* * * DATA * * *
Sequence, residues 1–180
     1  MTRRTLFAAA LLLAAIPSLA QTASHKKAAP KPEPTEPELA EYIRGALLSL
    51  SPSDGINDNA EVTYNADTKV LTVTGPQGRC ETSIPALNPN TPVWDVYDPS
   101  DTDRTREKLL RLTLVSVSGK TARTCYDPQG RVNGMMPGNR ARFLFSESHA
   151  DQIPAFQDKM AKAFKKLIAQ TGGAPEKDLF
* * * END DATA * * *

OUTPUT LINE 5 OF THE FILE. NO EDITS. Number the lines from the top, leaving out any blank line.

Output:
   151  DQIPAFQDKM AKAFKKLIAQ TGGAPEKDLF